Anthropometrical and biochemical determinations
Height (m) and weight (kg) were taken by standardized protocols (45) and Body Mass Index (BMI) was calculated using the formula: weight/(height)2. Subjects were classified as normal weighted (18.5–24.9 kg/m2), overweighted (25.0–29.9 kg/m2), and obese (≥ 30.0 kg/m2), based on the Spanish Society for the Study of Obesity (SEEDO) criteria (46). The percentage of body fat was estimated through bioelectrical impedance in a calibrated TANITA equipment (Tanita Corporation of America, Inc., Arlington Heights, IL, USA). Waist and hip circumferences were measured with an inelastic and extensible tape according to standard criteria (47) and waist-hip ratio was calculated as the ratio of waist circumference over the hip circumference.
Fasting blood samples were drawn by venipuncture and collected in separate tubes for serum and plasma. Samples were kept on ice and centrifuged (1,000 x g, 15 min) within 2–4 h after collection. Plasma and serum aliquots were stored at –20°C until analysis were performed. From blood samples, biochemical analysis of fasting plasma glucose, cholesterol, high- and low-density lipoproteins (HDL and LDL) and triglycerides were determined by using an automated biochemical autoanalyzer in external laboratories.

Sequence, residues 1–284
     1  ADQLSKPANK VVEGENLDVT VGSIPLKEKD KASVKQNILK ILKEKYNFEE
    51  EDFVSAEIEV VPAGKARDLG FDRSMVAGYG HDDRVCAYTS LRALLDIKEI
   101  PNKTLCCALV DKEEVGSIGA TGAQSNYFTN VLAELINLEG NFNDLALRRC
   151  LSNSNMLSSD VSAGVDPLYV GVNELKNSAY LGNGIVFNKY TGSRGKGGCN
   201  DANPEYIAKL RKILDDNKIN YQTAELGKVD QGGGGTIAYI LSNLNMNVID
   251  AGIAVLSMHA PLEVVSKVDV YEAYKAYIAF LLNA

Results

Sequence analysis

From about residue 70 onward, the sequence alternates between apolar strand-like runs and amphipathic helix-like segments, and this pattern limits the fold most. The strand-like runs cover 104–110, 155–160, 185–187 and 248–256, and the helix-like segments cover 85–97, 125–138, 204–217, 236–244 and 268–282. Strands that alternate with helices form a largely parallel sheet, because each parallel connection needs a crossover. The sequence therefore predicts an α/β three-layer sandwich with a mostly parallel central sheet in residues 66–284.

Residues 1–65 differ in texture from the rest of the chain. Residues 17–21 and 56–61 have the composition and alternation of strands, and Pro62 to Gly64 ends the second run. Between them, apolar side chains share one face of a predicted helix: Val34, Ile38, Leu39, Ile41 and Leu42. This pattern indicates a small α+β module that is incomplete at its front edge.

Fecal microbiota analysis
Fecal samples were collected within ± 24 h of blood collection in sterile containers supplied to each volunteer along with the instructions for sample collection. Samples were frozen within a period no longer than two hours from deposition and stored at −20°C until analysis. At lab, fecal samples were weighted, diluted 1/10 (p/v) in sterile PBS solution and homogenized at full speed (260 rpm) in a LabBlender 400 stomacher (Seward Medical, London, UK) for 3 min. Samples were centrifuged (13 000 rpm, 15 min, 4°C) and then, supernatant, and bacterial pellet were separated. From the pellet obtained, DNA was extracted in accordance with the Q Protocol for DNA extraction defined by the International Human Microbiome Standards Consortium (48) using QIAamp Fast DNA Stool Mini Kit (Qiagen, Sussex, UK). Quantification of extracted/purified DNA and 260/280 ratio was performed using Take3 Micro-Volume plate and Gen5 microplate reader (BioTek Instrument Inc., Winooski, VT, USA). DNA was finally kept frozen at –80°C until analysis.